motorcycle riding along road

Motorcycle Licensing Requirements in California

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By Yosi Yahoudai
Founder and Managing Partner

There are few things in life more exhilarating than riding a motorcycle along the highways of California. Unfortunately, our California motorcycle accident attorneys see far too many injuries that could have been avoided, had the proper precautions been observed. Let’s take a look at some of the most recent statistics about motorcycles in California and discuss the licensing requirements that can keep you safer on the road.

The number of motorcycles on United States roads doubled from 2002 to 2021. There were approximately 8.6 million motorcycles on our nation’s roads in 2021. California topped the list of registered motorcycles in the country.

In 2021, there were 952,977 on-road motorcycles registered in California. Florida had the second-highest number of registered on-road motorcycles with 645,012 motorcycles. California consistently had the highest number of registered motorcycles in the country for the past two decades.

How to Obtain a California Motorcycle License 

Because riding a motorcycle requires special skills not required for driving an automobile, riders must obtain a motorcycle license. To operate a motorcycle, you must obtain a Class M1 License. A Class M2 License only allows riders to operate a moped, motorized scooter, or motorized bicycle. 

The steps required to obtain a Class M1 Motorcycle License are:

  • Obtain the required motorcycle insurance required by California 
  • Study the motorcycle handbook to learn your responsibilities as a motorcyclist and the rules of the road for a motorcycle
  • Obtain a motorcycle permit by passing a knowledge test and vision test at a California Department of Motor Vehicles (CA DMV) location
  • Take and pass the driving test given by the CA DMV or complete a California Motorcyclist Safety Program. The California Highway Patrol gives the safety program.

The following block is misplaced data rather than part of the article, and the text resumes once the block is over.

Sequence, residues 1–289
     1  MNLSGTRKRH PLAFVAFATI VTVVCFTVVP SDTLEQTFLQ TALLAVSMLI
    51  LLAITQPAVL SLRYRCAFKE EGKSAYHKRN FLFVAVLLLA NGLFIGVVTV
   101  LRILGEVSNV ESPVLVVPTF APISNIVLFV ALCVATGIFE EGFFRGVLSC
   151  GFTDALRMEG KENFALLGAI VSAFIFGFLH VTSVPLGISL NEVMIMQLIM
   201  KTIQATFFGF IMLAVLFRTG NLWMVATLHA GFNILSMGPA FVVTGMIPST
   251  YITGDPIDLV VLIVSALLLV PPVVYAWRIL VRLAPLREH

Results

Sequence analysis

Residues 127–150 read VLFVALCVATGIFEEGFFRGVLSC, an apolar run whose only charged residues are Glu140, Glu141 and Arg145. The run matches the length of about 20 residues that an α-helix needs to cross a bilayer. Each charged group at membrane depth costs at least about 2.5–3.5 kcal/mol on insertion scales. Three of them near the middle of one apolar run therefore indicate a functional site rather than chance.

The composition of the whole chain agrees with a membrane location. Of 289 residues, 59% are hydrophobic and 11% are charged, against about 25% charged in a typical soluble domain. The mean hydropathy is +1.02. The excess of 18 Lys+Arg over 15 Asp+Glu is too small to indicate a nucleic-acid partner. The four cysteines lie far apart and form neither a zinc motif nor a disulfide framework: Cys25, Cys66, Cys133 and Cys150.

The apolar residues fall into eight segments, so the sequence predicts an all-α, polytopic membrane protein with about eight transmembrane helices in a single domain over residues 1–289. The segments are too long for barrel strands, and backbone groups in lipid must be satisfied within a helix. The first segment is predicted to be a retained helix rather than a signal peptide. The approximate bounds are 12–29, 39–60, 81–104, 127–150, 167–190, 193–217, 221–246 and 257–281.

Riders under the age of 21 years must take the motorcycle course by the California Highway Patrol. Riders 21 years and older may take the course or the CA DMV driving test. After passing either the test or the course, you may pay the fee and obtain your California motorcycle license.

It is important to note that you must also wear a motorcycle helmet that complies with the U.S. Department of Transportation requirements for safety helmets in addition to the required motorcycle insurance. It is also recommended, but not required, that riders wear protecting clothing to reduce the risk of injury in a motorcycle accident.

What Should I Do After a California Motorcycle Accident?

If you are involved in a motorcycle crash, call 911 to report the crash. The emergency operator dispatches police officers and emergency medical services. Do not admit fault for the cause of the accident or discuss the accident with bystanders, other than to ask eyewitnesses for their names and contact information.

If your injuries allow, make photographs and video the accident scene. Having this evidence can help with a motorcycle accident claim. 

See a doctor as soon as possible after the motorcycle crash. Documenting your injuries is essential. You need to prove that the motorcycle accident caused your injuries. 

Keep copies of all documents related to the accident and your injuries. It can also help with an injury claim to make photographs of your injuries as you heal. Keeping a journal detailing the struggles you experience during your recovery can also help prove damages.

Contact Our California Personal Injury Attorney for a Free Consultation 

Motorcycle accidents can cause traumatic injuries. Unfortunately, riders are often blamed for accidents they did not cause. Call our law office to schedule a free case evaluation with our California personal injury attorney. Let’s work together to get you the money you deserve for a motorcycle accident claim.

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About the Author
Yosi Yahoudai is a founder and the managing partner of J&Y. His practice is comprised primarily of cases involving automobile and motorcycle accidents, but he also represents people in premises liability lawsuits, including suits alleging dangerous conditions of public property, third-party criminal conduct, and intentional torts. He also has expertise in cases involving product defects, dog bites, elder abuse, and sexual assault. He earned his Bachelor of Arts from the University of California and is admitted to practice in all California State Courts, and the United States District Court for the Southern District of California. If you have any questions about this article, you can contact Yosi by clicking here.